Stokes, Root lead England charge

Ben Stokes in action for England against New Zealand. Photo: Reuters
Ben Stokes in action for England against New Zealand. Photo: Reuters
As the Black Caps well know, you never let Ben Stokes ride his cricketing luck.

At 76 for four in the chase for 277 to win the opening test at Lord's, the England captain charged down the pitch to Colin de Grandhomme and chopped on for one.

No ball!

Stokes sauntered back to the wicket to resume business in the 27th over.

As anyone in the sport well knows, a match ain't over until the bat of Ben swings.

The error cost 83 runs. The skipper eventually departed for 54 at 159 for five, looking to ramp Kyle Jamieson over the slips cordon. A short delivery chased him and he gloved to Tom Blundell.

Stokes' fury and Jamieson's euphoria made for a stark contrast.

England were 216 for five at stumps with Joe Root on 77 and Ben Foakes nine as the pitch continues to flatten.

Root gradually assumed command over the afternoon, unshackled for the first time since his captaincy tenure.

Until Stokes' bravado, the world champions looked poised to add another glorious chapter to the current era. New Zealand has had one test win at the home of cricket in 91 years and are aiming to emulate their 1999 compatriots.

Déjà vu also contributed to the theatre when Root pulled a ball off Trent Boult to mid-wicket. Stokes was ordered to return to his crease and the throw ricocheted off his bat as per the 2019 World Cup final, where overthrows helped England to victory. Smiles pervaded the outfield as Stokes raised his hands in jest. Nothing further was added to the score.

Rain is forecast ahead of a fourth day's toil. The match remains in flux, albeit knowing the hosts have only once chased more than the current target at the venue. That came in pursuit of 282, also against New Zealand, in 2004.

Rain caused a half-hour delay at the start, but the day still enabled both the world champions to showcase their prowess and coach Brendon McCullum's freedom blueprint to embed.

England have effectively been ahead three times in the game. They reduced New Zealand to 45 for seven in the first innings to eventually dismiss them for 132; they were 59 without loss in the second; and they had the visitors 56 for four with a lead of 47 in the third.

However, the New Zealand resolve has been indelible.

First, through Colin de Grandhomme's 42 not out. Without that, the first innings would have dissolved into a pool of mediocrity.

Second, through the response of the bowling attack, working in partnerships to raze any potential England first innings advantage by taking five wickets for eight runs in 28 balls to move from 92 for two to 100 for seven.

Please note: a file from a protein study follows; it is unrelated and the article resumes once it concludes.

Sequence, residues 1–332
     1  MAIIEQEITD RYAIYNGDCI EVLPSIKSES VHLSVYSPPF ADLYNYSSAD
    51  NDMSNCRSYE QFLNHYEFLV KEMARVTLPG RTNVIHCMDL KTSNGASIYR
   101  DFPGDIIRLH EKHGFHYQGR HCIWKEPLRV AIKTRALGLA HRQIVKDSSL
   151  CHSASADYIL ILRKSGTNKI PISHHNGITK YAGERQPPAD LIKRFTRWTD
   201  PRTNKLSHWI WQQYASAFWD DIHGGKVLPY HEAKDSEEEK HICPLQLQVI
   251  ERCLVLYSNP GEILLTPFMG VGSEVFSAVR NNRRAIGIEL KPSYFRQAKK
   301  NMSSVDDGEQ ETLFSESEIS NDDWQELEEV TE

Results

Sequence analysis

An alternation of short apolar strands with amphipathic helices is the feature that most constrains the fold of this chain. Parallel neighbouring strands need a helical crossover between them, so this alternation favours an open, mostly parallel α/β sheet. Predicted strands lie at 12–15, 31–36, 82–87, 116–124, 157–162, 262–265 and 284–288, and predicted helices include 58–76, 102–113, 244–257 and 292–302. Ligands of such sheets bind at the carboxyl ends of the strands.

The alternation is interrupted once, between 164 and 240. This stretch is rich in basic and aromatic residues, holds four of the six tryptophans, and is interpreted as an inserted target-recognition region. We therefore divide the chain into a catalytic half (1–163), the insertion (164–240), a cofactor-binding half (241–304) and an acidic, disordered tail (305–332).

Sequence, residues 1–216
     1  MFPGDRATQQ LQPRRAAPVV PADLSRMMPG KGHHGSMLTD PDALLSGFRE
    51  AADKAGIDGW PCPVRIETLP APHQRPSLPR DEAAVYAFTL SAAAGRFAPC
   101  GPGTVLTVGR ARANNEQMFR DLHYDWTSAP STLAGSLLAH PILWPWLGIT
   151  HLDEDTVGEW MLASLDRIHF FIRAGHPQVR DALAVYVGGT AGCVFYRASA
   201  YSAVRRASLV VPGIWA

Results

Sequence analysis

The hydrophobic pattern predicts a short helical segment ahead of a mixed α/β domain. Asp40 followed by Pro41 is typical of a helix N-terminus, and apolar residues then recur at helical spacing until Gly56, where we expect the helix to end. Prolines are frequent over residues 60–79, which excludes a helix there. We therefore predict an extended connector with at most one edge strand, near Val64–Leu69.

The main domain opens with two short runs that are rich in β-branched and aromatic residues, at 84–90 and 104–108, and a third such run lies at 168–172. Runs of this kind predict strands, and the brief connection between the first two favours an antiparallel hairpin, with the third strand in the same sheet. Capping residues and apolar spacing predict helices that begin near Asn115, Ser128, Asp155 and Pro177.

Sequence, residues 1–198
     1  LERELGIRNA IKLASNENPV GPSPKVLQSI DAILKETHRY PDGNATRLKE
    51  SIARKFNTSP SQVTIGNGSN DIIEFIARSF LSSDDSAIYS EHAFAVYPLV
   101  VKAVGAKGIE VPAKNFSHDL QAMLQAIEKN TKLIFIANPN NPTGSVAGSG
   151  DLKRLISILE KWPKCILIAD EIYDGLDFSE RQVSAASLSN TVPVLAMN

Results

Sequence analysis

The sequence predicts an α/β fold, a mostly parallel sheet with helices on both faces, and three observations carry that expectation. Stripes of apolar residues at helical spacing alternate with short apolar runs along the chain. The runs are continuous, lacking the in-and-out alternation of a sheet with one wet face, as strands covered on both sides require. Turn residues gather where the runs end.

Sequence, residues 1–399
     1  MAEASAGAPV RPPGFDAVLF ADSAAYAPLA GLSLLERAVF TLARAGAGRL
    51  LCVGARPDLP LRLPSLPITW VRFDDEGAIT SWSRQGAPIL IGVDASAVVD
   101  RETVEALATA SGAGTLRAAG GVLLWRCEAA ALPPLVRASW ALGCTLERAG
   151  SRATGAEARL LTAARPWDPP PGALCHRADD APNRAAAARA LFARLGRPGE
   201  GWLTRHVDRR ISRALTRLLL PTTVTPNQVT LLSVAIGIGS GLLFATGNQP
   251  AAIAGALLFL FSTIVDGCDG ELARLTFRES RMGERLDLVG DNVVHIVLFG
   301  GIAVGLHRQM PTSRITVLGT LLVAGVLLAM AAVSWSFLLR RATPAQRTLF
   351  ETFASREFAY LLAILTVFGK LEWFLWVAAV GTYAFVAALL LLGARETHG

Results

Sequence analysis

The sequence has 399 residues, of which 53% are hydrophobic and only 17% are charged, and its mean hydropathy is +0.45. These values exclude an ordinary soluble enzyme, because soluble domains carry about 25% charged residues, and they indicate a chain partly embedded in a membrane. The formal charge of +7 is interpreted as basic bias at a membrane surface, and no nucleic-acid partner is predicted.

Third, through the 195-run fifth-wicket record stand for New Zealand against England between Daryl Mitchell and Tom Blundell. That looked like an outlier in the context of other partnerships in the match, barring perhaps the 90 between Stokes and Root.

Now it looks even.

The second innings buffer enabled Jamieson to return to his best, charging down the slope from the Nursery End.

He asked more questions of the England top-order contestants than Selwyn Toogood on It's In The Bag.

By hokey, what'll it be England? The outswinger, the off-cutter or the rising bouncer?

The hosts batters succumbed to his repertoire as the right-armer scythed through with figures of four for 59 from 20 overs. That performance takes his career record to 72 wickets at an average of 18.26 from 15 tests.

Mitchell was just as key to the cause, becoming the 15th New Zealander to score a test century at the ground and earn his gilded lettering on the honours board.

The 31-year-old reached the mark in 189 balls across 289 minutes by pushing Stuart Broad through the covers for three.

His euphoria was raw as teammates stood and applauded an innings that changed the course of the match.

Drama ensued shortly afterwards with a "team" hat-trick. Broad had Mitchell caught behind for 108. Colin de Grandhomme was run out by Ollie Pope from the slips amid an lbw appeal after he had emerged from a 244-ball padded-up hibernation. Broad then pegged back Jamieson's off stump. New Zealand went from 251 for four to 251 for seven.

Blundell was soon adjudged lbw for 96 off James Anderson, leaving the visitors on 265 for eight.

Irrespective of his agony at falling four runs short of a ton, Blundell's innings was as crucial as Mitchell's in the match context.

Add to that some of his best work with the gloves since taking over from BJ Watling. He conceded 14 byes in the first innings, through wild deliveries beyond his control, but three top-order catches played a key role in England's eventual slump.

However, the second innings pouching of Stokes looks paramount.


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